In the period of milliseconds two players lost their perspective and ran on the court to fight for their friend. Did Steve Nash need their intervention? No. The hip check was over and the opponent was walking away. Referees were on the scene to put things in order. Trainers were going over to check on Steve Nash. Stoudemire and Diaw’s involvement wasn’t going to improve anything about the situation. But they lost the perspective in the heat of the moment to consider any of that.
I understand helping and protecting team mates and friends. But what I wouldn’t want to do is jump in unnecessarily, get suspended, and cost my team mates an opportunity to win an NBA championship. That’s not helping my team mates. I’m not sitting in judgment condemning what they did from my vantage point days later. I’m just using the incident to make a point about the difference between choices and reactions in your life.
By losing their perspective they lost the ability to make a better choice. That loss off choice for a split second added to season ending consequences.
It’s easy to see where milliseconds matter to NBA players, but where do milliseconds make a difference in your life?
What happens in the moments leading up to firing a comment at your boss or an employee that sets the relationship off balance? It might send you looking for another job?
What happens in the milliseconds that lead up to an angry outburst? What if you could shift to a different point of view and make a different choice in that instant?
What happens in a moment of emotional reaction like jealousy when you say something you regret? Perhaps you say something that you can’t take back.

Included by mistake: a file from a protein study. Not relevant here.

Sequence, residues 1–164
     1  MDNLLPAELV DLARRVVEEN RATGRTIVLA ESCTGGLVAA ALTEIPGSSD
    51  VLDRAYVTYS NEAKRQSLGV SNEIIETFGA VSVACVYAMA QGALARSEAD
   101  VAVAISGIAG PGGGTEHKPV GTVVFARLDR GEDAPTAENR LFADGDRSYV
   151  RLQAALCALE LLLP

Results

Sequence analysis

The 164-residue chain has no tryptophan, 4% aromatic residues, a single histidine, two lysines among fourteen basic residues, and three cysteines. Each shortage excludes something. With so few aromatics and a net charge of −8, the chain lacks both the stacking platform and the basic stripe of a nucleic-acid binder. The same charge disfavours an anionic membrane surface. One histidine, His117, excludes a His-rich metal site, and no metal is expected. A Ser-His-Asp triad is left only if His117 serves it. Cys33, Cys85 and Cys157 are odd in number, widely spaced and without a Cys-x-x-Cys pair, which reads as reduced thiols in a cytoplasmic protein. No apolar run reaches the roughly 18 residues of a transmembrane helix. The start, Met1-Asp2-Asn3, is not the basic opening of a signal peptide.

What happens when you are considering asking someone out, but then tell your self, â€œNo they probably wouldn’t be interested in me?â€ In those milliseconds the mind creates a feeling of insecurity, and then that feeling determines your actions, and inactions? You talk your self out of taking action for what you want.
What happens during those holidays with family where in milliseconds a family gathering can turn into an emotional blow out?
In milliseconds reactions happen that cause relationships to break up. In flashes family members decide not to speak to each other and are estranged for years. In milliseconds people quit their jobs.
Paying attention to milliseconds may not seem like a big deal until you see the chain reaction of consequences for years afterwards. When you see the link between milliseconds and consequences, the milliseconds become as important as years of your life. You discover that you want control over what happens in those milliseconds.
The more self awareness you have heading into those unforeseen moments the less chance emotional reactions have to overpower you. When you learn to manage and master the choices made in milliseconds, everything else about your life becomes much easier.
For an excellent read on understanding decisions and reactions made in milliseconds is the best selling book Blink: The Power of Thinking Without Thinking. Malcolm Gladwell does an amazing job of detailing the process of choices made in an instant. He points out that with practice you can change how you react and make a better choices.
For exercises awareness so that you can gain control over those milliseconds I suggest the Self Mastery Audio program. The first few sessions are free for you to sample. They will guide you to focus your attention on those critical moments and prepare you to choose more wisely.
All of life happens in the smallest of moments. The opportunity to change the direction of your life lies in the smallest slices of time.